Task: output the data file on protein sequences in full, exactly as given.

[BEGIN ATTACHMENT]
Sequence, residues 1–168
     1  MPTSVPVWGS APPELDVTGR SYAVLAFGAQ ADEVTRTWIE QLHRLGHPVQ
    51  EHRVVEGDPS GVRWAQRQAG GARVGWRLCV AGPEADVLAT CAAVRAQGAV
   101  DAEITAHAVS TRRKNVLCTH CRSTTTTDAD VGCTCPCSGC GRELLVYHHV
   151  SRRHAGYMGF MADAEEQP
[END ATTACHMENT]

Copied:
Sequence, residues 1–168
     1  MPTSVPVWGS APPELDVTGR SYAVLAFGAQ ADEVTRTWIE QLHRLGHPVQ
    51  EHRVVEGDPS GVRWAQRQAG GARVGWRLCV AGPEADVLAT CAAVRAQGAV
   101  DAEITAHAVS TRRKNVLCTH CRSTTTTDAD VGCTCPCSGC GRELLVYHHV
   151  SRRHAGYMGF MADAEEQP